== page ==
Experts contacted by The Capital, sister paper of the Maryland Gazette, said while Anne Arundel county appears to euthanize more animals than other jurisdictions in the area, the stats are not out of line.
"When you compare nationwide, they are probably average," said Mark Kumpf, a past president of the National Animal Control Association and current director of the Animal Resource Center in Dayton, Ohio.
John Mays, the association's executive director, added that all Animal Control facilities are not the same.
"Some agencies respond to nuisance wildlife complaints, while others do not. Some agencies impound and adopt stray/unwanted cats, while others do not," he said.
For Anne Arundel County, the biggest problem is stray cats - especially in the summer when families can drop off dozens of different litters a month.
Yvonne Hall, county kennel control officer, said her staff works with 147 rescues on a regular basis, but only about seven of those take cats.
"I can get almost any dog out of here. Some (rescues) will even take the dogs that are on their last legs," said Hall.
"Cat rescues are notorious for saying no, though," Shanahan added.
Cozzone acknowledged it can be difficult to find families and rescues to take cats, but argued the county would have better luck if it allowed more volunteers into its kennels.
Shanahan said he lets a few people volunteer at Animal Control, but that he is reluctant to allow any more because he can't trust them to follow the rules. He said the county has had problems in the past with volunteers who became disruptive.
To limit how many animals they put down, Hall said she and other staff members will foster kittens and puppies. Hall estimated she has fostered hundreds of kittens during her 16 years with the county.
County Executive John R. Leopold plans to shake up the membership of the county's Animal Welfare Council, which was created in August 2009 "to advocate for domestic, farm and wild animals in Anne Arundel County."
David Abrams, a county spokesman, said the terms of the initial 16 members expired Dec. 1 and that the final makeup of the new commission had not been determined.
What is clear, however, is that Cozzone - who has used her position over the past year to complain about Animal Control - will not be on the council. Abrams said Sue Beatty, executive director of the SPCA of Anne Arundel County, will replace her as chairwoman.
"The county executive went with the people he felt were going to do the best job," said Abrams, who declined to explain why Cozzone was not asked to return to the council. "You can read between the lines however you want."
Cozzone said she did not want to return to the council. She tried several times over the past five months to arrange a meeting with Leopold's staff about Animal Control and was rebuffed at every turn, she said.
"There was no way I could continue with the Animal Welfare Council knowing Animal Control can do whatever it wants," Cozzone said. "I've devoted my life to animals. I cannot support killing like that."
One of the chief complaints Cozzone voiced about Animal Control over the past year involved a 2009 memo ordering officers to euthanize impounded kittens, puppies and other wildlife weighing less than 1.5 pounds whenever a veterinary technician was not available.
Cozzone and several experts said the policy - which was outlined June 23, 2009, in a partially handwritten memo and primarily affected kittens less than six weeks old - was counterintuitive and poorly designed. Rather than an animal's weight, the officers should focus on the creature's behavior, health and ability to eat solid food, they said.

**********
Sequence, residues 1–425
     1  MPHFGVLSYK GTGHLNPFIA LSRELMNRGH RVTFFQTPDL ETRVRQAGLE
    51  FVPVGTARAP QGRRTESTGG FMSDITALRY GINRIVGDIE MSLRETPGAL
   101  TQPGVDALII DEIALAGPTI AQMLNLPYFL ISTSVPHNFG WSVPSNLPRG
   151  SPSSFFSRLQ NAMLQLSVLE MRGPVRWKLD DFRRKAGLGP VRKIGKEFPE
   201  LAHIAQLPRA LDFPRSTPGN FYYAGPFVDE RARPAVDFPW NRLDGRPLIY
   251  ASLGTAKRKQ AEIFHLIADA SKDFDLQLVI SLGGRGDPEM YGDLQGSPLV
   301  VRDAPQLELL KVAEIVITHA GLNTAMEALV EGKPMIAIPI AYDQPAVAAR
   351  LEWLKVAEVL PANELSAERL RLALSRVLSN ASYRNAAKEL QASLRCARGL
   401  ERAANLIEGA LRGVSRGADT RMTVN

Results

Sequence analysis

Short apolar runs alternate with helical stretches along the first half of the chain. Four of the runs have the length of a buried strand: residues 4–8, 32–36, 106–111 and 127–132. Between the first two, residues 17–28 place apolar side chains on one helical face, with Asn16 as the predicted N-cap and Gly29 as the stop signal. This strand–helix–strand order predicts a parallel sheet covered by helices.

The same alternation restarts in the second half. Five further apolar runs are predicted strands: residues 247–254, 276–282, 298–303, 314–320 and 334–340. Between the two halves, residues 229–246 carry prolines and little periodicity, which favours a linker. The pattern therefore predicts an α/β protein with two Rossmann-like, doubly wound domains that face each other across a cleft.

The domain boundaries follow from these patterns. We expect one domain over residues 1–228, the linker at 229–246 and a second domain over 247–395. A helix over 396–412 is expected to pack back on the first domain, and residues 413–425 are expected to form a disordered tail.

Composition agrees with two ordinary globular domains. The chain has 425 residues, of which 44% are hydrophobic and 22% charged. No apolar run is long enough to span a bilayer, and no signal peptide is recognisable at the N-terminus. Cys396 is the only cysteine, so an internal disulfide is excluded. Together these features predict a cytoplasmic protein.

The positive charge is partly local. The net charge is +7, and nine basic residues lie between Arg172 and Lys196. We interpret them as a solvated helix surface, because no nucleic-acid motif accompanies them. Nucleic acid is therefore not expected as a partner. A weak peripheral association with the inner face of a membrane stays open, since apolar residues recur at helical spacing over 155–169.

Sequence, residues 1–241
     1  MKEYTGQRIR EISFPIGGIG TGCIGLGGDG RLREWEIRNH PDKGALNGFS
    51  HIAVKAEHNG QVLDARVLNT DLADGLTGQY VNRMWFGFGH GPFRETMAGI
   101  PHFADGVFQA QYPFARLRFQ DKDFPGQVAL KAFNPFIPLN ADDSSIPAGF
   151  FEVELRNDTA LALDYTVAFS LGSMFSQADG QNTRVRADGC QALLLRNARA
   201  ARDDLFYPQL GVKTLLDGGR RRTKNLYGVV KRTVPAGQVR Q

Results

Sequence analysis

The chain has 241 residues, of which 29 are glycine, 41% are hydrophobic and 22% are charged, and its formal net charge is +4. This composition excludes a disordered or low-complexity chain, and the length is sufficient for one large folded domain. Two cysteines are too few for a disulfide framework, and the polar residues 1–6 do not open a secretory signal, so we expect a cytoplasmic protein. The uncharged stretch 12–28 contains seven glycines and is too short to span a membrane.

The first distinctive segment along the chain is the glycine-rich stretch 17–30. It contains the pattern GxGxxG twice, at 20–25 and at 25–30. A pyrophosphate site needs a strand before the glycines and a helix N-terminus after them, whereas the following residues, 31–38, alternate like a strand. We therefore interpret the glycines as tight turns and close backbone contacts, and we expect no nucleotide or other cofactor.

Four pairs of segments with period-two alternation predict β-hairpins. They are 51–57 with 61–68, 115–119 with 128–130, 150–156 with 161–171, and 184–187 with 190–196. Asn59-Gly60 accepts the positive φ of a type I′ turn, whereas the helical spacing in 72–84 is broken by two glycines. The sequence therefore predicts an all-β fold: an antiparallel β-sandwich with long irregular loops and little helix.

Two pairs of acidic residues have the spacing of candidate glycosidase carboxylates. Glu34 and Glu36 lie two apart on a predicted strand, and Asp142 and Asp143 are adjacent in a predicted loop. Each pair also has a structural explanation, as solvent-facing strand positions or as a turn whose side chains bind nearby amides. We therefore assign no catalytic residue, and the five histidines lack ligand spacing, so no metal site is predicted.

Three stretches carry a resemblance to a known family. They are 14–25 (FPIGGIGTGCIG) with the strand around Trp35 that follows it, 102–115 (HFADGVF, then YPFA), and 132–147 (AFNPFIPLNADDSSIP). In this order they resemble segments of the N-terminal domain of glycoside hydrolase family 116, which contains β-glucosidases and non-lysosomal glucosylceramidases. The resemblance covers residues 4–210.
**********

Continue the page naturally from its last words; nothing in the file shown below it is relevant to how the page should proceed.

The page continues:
Abrams said the policy - the subject of an November article in the Maryland Gazette - was no longer in effect; that Leopold directed Animal Control last month to make sure officers were allowed to use their "discretion."
Shanahan confirmed he had nixed the policy.
"I don't know when. I can't give you an exact month or date," he said, explaining he informed his officers verbally that they no longer needed to follow the so-called "1.5-pound rule." No new memos have been issued on the topic, he added.
Shanahan called the policy "necessary" in October because he could not trust his officers to exercise good discretion. He noted they had previously left underage kittens in cages with no means to eat or drink.
Now, he says he can trust them.
"I think they are on the same page now," he said.
Cozzone blasted the supposed change in policy, arguing that Shanahan was a liar.
"They are so full of it. If the policy was changed, let's see it in writing," Cozzone said.
"Either rescind the policy in writing or modify it in writing. You don't do it verbally," said Kumpf, arguing it is not hard to write a memo directing officers to immediately euthanize unweaned animals. "They had a bad policy and the way they have addressed it is just as bad."
Copyright © 2011 The Maryland Gazette and Capital Gazette Communications, Inc.
TheRedQueen wrote:I've never thought that anyone can truly call themselves "no-kill".
If you have to turn dogs/cats/rabbits/etc away due to space constraints, and they head to the kill shelter with that animal...then how is it "no-kill"?
If you only take in really adoptable animals, and leave the non-adoptables for the regular shelter to euthanize...then how is it "no-kill"?
I mean, you might be no-kill, but you're just sending others to a certain death...but making yourself look good. I don't think it's a good term...and I wish there was another way of saying it.
And no, I don't think warehousing animals is a good idea...especially for years at a time. I personally wouldn't want to live like that and I don't think we should do it to animals under our care either.
Or they go the "Lollipop Route" and label them unadoptable and kill them. Or transfer them to the HIGH kill (as in twice a week, every week) shelters in the area to clear space. Because "unadoptable" and "transferred" dogs do not contribute to the "kill percentage." THAT is the numbers game that most of the places play.